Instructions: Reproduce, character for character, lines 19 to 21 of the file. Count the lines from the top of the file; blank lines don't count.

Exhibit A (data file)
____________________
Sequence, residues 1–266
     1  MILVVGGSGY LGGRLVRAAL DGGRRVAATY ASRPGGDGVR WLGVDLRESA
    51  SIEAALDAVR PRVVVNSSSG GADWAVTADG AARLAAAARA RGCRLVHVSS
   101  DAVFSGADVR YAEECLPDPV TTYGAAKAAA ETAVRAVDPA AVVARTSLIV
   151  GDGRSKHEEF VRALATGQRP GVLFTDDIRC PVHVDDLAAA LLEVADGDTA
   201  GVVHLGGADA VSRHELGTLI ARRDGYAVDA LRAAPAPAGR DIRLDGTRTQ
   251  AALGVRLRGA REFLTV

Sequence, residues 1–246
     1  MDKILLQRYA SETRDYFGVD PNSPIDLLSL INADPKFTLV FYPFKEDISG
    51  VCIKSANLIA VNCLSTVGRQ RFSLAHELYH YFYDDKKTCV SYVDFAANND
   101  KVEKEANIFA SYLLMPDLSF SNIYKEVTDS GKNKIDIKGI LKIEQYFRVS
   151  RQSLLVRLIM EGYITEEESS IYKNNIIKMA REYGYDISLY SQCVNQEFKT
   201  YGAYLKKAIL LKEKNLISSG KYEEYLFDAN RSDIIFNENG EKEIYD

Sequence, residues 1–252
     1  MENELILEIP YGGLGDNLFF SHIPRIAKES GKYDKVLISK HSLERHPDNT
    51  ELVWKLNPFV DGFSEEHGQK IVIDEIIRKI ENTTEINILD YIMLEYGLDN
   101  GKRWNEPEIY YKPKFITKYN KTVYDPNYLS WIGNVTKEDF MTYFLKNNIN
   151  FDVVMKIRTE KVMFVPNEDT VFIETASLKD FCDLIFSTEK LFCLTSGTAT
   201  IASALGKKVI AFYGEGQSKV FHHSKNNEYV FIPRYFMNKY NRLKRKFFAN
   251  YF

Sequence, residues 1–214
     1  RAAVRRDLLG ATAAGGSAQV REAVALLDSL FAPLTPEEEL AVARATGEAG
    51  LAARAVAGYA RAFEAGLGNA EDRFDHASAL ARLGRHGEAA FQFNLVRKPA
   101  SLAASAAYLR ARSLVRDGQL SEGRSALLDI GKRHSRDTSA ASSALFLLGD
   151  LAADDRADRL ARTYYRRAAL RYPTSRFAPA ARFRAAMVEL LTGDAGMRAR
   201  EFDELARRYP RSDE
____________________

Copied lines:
   201  IASALGKKVI AFYGEGQSKV FHHSKNNEYV FIPRYFMNKY NRLKRKFFAN
   251  YF

Sequence, residues 1–214